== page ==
Leading From Behind

July 16, 2016

Credit: Fawcett Society

I have some thoughts on the Republican ticket, one of them slightly unconventional, but will save them for another day. It’s worthwhile spending a post on what’s occurring in the UK, which has important implications for the West going forward.

Peter Hitchens sums up the surreal political dynamics at work within post-Brexit Great Britain. A nation which voted decisively to sever its ties to the unnatural, dysfunctional European superstate, yet now finds itself led by someone who wouldn’t look out of place at the European Commission. In fact, the former chair of the EC, now holding a lucrative sinecure advising Goldman Sachs, could serve as the model for Ms. May once she retires from 10 Downing Street. It truly is remarkable that the Conservative Party is now led by a full-fledged social justice warrior, with a concomitant dedication to militant feminism, sharia compliance and utterly meaningless political cliches. Someone who believes there’s a direct correlation between a fire department’s efficacy and the percentage of its employees who aren’t white.

It seems fitting that someone without the courage to campaign on behalf of her professed beliefs has become Prime Minister of the United Kingdom without the consent of her party’s voters. As Hitchens and other genuine conservaties have pointed out in the past, the people who ostensibly represent the British public are merely ciphers for special interests who could care less about the welfare of their constituents, so it’s perfectly reasonable for them to cut out the middlemen, i.e. Britons. Even the decision to give ordinary voters a chance to determine their country’s future is anathema to these folks, as countless post-Brexit op-eds lamenting the stupidity of David Cameron’s decision to hold this referendum make clear. The contempt the British elites and their accomplices among the rabble have for any potentially negative feedback or resistance to their aims is simply astonishing.

Another illustration of the disconnect between the managerial elite and the individuals they presume to rule is the Pavlovian response of feminists, among others, to innocuous remarks made by Theresa May’s former opponent about motherhood, which were naturally taken out of context by the likes of The Guardian. Even if Andrea Leadsom had questioned the commitment of May to the future of Great Britain because of her family’s lack of children, so what? Why is this is an illegitimate question at a time when the childless ruler of Germany has become the matriarch to millions of Muslims that are rapidly effacing a country which has been free and united for less than 3 decades? This reaction is particularly ironic coming from people who have spent the last half-century investing  every personal choice with political consequences.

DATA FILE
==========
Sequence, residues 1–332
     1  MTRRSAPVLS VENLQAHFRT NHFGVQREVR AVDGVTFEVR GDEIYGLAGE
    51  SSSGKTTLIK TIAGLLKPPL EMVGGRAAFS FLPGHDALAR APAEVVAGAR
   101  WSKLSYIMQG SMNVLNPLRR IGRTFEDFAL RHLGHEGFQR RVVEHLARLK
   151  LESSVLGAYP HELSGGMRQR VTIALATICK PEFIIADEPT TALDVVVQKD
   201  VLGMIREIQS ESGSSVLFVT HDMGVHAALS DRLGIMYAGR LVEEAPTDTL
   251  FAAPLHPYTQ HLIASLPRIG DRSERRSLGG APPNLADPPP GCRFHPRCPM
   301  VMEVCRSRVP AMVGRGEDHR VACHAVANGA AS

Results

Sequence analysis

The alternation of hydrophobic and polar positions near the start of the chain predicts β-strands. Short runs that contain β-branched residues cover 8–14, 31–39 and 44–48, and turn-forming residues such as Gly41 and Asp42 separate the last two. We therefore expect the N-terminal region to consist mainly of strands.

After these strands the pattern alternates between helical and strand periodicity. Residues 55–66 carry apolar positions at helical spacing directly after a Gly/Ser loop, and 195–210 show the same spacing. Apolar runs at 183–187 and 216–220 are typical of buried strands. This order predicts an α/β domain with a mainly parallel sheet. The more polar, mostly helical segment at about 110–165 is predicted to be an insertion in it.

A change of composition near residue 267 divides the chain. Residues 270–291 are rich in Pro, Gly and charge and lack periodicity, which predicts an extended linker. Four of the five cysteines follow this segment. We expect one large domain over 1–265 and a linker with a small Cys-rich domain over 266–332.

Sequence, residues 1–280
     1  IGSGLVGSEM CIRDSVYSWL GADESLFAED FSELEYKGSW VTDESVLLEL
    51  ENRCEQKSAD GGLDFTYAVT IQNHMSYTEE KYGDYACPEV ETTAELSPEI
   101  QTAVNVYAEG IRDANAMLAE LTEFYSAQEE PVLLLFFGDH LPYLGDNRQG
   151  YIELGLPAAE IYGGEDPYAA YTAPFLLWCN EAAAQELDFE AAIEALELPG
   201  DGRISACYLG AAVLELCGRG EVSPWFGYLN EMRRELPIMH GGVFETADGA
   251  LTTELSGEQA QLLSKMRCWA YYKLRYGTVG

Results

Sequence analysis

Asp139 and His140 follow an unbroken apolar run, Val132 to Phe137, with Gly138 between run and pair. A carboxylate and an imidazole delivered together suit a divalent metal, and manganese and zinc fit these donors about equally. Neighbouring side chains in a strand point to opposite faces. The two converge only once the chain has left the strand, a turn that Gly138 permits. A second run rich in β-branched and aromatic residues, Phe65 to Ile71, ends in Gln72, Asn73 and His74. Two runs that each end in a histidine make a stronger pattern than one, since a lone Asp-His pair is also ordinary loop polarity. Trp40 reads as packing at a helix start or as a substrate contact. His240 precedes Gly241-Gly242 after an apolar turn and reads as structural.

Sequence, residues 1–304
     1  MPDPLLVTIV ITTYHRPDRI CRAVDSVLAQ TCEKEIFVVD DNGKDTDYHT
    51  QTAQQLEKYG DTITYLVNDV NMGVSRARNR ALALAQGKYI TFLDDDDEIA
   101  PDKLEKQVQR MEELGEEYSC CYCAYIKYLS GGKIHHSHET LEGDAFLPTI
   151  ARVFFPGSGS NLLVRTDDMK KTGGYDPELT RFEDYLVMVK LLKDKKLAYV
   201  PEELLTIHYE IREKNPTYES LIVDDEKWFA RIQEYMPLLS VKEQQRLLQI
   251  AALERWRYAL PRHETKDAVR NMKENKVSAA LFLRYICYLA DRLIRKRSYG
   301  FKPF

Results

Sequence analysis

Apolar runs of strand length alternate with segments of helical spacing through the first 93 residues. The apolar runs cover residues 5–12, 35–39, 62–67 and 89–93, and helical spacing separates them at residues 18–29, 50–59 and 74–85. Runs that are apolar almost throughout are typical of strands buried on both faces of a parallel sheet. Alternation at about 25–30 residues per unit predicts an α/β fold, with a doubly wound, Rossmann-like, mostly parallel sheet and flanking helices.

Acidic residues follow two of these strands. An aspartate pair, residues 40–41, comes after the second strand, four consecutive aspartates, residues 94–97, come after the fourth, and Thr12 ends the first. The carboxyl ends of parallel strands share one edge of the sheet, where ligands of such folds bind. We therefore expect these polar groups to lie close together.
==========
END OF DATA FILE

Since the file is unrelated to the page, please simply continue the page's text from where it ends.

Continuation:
Whether or not Theresa May will put the final nail in the coffin of the European Project-and it should be noted that her initial cabinet choices have won praise from some genuine conservatives, including Nigel Farage-remains to be seen. However, even if Brexit means Brexit, there is a larger question: where is the West headed? Civilization is under threat on multiple fronts, but the biggest challenge is internal. The picture postcard French Riviera is a jihadist breeding ground. Bavaria no longer means beautiful women dressed in dirndls or the Maibaum but being policed by people who come from countries like Egypt and Syria. The lovely river Thames flows through a city which would be unrecognizable to its former inhabitants. BTW, it’s not racist to discuss this diaspora, no matter how much it offends the sensibilities of Guardianistas.

This is not reactionary, anti-immigrant demagoguery or outlandish conspiracy theory, it’s reality. Remaining on the same path, with one or two cosmetic changes, is not prudence or enlightenment, it’s collective suicide. Once we’ve recognized that as a culture, we will have begun the process to preserve our world.



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